My Annual Review piece with Jim Moody, Data Visualization in Sociology, was officially published just recently. Reaction to the article has been positive and hopefully people will find it useful. One theme of the article is that good use of visualization can help pick out unusual patterns in data and help researchers figure out errors or other anomalies in their data. So, life being what it is, naturally there’s a mistake in one of the figures.
I didn’t spot it myself. I got a nice email from Thomas Wood at Ohio State’s Political Science department. He pointed out something odd in Figure 5, which shows a correlation matrix where the upper triangle is plotted as a heatmap and the lower triangle shows the corresponding numbers. It’s a nice technique that uses the lower triangle to show an extra bit of information. (If the whole thing were a heatmap the lower triangle would just be a mirror image of the upper.) Except in this case something is wrong.
As you can see from the highlighted areas, the color mapping is off. The upper triangle says
cerebvas shows a strong negative correlation with
gdp and even moreso with
health. The corresponding cells in the lower triangle say there’s no such association. What has happened?
Operator error, that’s what. I should say explicitly that my colleague and co-author Jim Moody bears no responsibility here. He didn’t do this bit of the paper. I wrote the code for Figure 5 using R’s
corrplot library. You feed
corrplot a correlation matrix and it draws you a figure. First you ask it to plot, say, a matrix where the whole thing looks like the upper right triangle heatmap—all solid colors representing the correlations in each cell. Then you tell it to redraw the lower triangle and use the numbers instead. The function has options for calculating different kinds of correlations (Pearson, Spearman, etc) and also choices for displaying the row and column orders differently. You can order the rows by clustering them, by the raw ranking of coefficients, alphabetically, and so on. Because you do the plot in two steps, you need to take care to get it to calculate and order the cells the same way. And this is where the error was in my code. The relevant snippet originally looked like this:
corrplot(c.mat, method="shade", shade.col=NA, tl.col="black", order="hclust", hclust.method="ward", tl.srt=45) corrplot(c.mat,add=TRUE, type="lower", method="number", order="AOE", diag=FALSE, tl.pos="n", cl.pos="n")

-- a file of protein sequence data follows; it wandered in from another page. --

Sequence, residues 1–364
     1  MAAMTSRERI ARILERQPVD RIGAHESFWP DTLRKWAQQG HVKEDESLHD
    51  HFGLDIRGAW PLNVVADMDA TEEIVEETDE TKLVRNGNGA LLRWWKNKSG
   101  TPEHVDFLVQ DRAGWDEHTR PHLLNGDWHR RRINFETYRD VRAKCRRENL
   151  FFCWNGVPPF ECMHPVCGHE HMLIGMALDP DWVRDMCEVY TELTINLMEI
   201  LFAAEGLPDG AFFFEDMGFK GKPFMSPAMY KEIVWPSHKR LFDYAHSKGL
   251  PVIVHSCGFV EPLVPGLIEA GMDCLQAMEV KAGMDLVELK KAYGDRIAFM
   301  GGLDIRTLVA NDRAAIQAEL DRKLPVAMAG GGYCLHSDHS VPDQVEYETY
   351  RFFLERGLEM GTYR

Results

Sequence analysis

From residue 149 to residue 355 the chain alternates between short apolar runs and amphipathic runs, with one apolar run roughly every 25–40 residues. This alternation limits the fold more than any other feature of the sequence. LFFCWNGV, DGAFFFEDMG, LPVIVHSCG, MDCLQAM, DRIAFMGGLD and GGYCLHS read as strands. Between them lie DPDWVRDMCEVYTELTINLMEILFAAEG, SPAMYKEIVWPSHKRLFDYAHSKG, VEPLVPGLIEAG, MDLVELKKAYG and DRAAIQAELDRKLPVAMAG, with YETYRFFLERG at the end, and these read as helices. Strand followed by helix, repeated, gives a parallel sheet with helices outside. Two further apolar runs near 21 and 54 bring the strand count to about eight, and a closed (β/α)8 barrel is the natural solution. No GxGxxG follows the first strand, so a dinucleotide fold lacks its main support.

The first call draws a heatmap from
c.mat, the second redoes the lower triangle to put in the numbers instead. And as you can see, it orders them differently. The upper triangle is ordered by a Ward clustering. The lower is ordered by the angular order of eigenvectors. What probably happened is that I was messing around with different ways of permuting the rows and columns, lost track of which one I’d settled on, and didn’t notice the two sorting methods used were different. The result is that in fact all of the numbers in the lower triangle are out of order, not just the ones that Tom Wood spotted. Note that when redrawing the lower triangle, the row and column labels aren’t touched, only the cell contents are redone. The result is you get the same labels but the wrong numbers. In future I should probably write a test to make sure the labels match up in the event of redrawing like this. In any case, fixing the error gives us a corrected plot:
The irony of writing an article about data visualization that includes a plot with an internal error caused by one’s own bad code does not escape me. (“Data Visualization Article Contains Data Visualization Error.”) All the moreso because I evidently didn’t spot the problem myself when looking at the plot, which is supposed to be the point of the damn thing to begin with. My only mitigating plea is that I wasn’t actively analyzing the specimen data as part of writing an article—it was just something I had to hand to use as an example. But that is not much in the way of exculpation. More positively, my policy with this sort of thing is that mistakes happen in data analysis and presentation, and when you find them the best thing to do is to acknowledge them right away and then fix them. (It’s the intertemporal version of the Dad Policy: I’m not angry, past self, I’m just disappointed.) Of course we’d all like to spot and purge errors in advance and behind the scenes, but the next best thing is when people read your work and take the time to let you know about issues or problems they discover. So, thanks again to Professor Wood for his feedback. And now if you ever use the article in class, you have an additional wrinkle to talk about.
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